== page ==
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This question might not be fit for this stack, but I didn't find any other. My apologies to music students out there :)

When is a song a remix, and when is it a cover?

Lets take Corona - The Rhythm of the Night as an example.

The cover by Bastille (which is also a mashup) is clearly a cover? No original sample has been used in this one.

But there are remixes (remakes?) where they only keep the lead singers voice, and everything else is new: Simon from Deep Divas - The Rhythm of the Night. Is this a cover or a remix? And this one actually has remixes of itself too.

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    +1 Nice question! Seems to me that new versions of songs are often going to be on a spectrum between obvious covers (new artists, new recording, old song) and simple remixes (at their most basic, a remix of the originally recorded material). I think you've probably hit-the-nail-on-the-head by mentioning "the lead singer's voice", but I'm looking forward to seeing how other users respond to this question. – Bob Broadley Sep 10 '14 at 13:20
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    This type of questions will be a perfect fit for the Music Fans SE, which is in commitment phase currently. Sign up at area51.stackexchange.com/proposals/61574/music-fans. – Meaningful Username Sep 10 '14 at 14:28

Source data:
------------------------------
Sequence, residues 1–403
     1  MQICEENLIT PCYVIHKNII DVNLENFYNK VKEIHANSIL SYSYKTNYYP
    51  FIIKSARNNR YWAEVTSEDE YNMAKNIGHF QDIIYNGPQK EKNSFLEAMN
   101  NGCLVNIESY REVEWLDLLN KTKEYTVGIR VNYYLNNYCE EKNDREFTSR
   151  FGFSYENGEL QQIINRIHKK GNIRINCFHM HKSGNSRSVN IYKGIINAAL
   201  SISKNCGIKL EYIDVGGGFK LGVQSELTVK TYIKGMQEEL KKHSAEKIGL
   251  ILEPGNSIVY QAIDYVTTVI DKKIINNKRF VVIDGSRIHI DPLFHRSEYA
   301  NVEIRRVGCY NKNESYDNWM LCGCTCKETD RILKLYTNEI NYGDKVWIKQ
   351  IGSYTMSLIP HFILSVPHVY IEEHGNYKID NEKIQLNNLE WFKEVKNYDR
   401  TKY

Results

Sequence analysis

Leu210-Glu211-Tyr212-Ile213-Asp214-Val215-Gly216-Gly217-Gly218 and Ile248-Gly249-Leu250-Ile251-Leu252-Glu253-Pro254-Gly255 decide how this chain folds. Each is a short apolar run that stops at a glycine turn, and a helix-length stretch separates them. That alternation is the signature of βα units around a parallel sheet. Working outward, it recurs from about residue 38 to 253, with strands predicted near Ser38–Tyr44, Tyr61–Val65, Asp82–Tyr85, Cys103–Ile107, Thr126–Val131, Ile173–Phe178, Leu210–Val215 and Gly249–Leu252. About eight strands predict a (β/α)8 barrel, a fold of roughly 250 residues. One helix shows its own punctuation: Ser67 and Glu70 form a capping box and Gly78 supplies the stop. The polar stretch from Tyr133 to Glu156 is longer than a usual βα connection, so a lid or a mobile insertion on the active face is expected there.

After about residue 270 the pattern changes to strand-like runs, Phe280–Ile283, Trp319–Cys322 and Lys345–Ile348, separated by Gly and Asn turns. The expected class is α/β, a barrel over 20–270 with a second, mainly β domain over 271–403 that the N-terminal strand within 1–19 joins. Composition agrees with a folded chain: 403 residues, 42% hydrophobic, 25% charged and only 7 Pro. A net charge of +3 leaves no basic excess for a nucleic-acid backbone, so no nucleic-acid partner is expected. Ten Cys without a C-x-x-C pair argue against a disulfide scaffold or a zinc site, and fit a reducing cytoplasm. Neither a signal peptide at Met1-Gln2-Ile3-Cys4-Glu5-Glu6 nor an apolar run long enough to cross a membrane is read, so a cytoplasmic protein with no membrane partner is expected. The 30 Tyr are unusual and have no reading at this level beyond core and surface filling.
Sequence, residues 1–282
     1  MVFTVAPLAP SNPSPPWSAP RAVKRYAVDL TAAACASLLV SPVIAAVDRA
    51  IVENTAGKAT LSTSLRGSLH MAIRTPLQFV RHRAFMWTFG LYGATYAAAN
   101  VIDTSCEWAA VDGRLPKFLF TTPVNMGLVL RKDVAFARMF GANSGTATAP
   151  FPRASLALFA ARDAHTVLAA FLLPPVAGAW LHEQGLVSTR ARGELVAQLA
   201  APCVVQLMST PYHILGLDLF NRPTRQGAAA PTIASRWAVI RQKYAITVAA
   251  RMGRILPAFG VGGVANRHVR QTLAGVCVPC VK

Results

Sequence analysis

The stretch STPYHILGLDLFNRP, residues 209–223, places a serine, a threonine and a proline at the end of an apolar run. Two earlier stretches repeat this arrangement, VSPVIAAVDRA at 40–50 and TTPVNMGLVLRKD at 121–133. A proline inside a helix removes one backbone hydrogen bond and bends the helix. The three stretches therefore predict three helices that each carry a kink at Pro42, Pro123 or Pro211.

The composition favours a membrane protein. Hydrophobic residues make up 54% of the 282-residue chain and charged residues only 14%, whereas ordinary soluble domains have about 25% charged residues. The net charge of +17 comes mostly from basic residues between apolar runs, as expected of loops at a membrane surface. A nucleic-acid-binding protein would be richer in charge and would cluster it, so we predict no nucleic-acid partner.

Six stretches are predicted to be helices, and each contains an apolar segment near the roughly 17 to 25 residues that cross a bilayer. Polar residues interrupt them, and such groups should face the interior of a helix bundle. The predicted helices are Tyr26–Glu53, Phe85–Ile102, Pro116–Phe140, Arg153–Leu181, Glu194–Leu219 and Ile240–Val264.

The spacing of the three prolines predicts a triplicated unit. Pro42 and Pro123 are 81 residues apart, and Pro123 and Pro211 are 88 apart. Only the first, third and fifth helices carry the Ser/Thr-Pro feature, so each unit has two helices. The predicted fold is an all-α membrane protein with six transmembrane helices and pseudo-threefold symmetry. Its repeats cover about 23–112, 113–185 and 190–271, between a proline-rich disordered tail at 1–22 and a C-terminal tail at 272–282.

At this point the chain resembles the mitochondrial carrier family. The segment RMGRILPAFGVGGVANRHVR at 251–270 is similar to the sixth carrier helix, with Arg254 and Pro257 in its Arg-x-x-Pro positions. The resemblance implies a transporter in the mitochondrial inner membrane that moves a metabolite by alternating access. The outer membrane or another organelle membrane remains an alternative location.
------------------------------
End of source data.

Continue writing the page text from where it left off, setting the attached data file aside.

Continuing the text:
• It can also be sampling. For instance when Timbaland used Glenn Rune Gallefoss' cover of "Acidjazzed Evening" as basis for Nelly Furtado's "Do It". He muted the bass line and added a beat and song on top if it and called it sampling. – liftarn Sep 11 '14 at 7:50
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I think the difference is in the context, methods, tools, and limitations.

1) "Cover" is often used in a singer/band context, where the artist performs a song from another artist, most commonly associated with pop/rock. "Remix" is used in a production context, where the reconstruction is made using DAWs, effects, synths, edits, etc, most commonly associated with electronic music.

2) In general, a cover remains similar to the original in many ways. Melodies, structure, harmony, lyrics, etc, most elements will remain the same. If there are any changes, they'll tend to be in the arrangement. A remix, in the other hand, can drastically change the source work: different harmony, structure, add/remove/change lyrics, etc. The remix can hold no resemblance to the original, while the cover tends to try to resemble the original.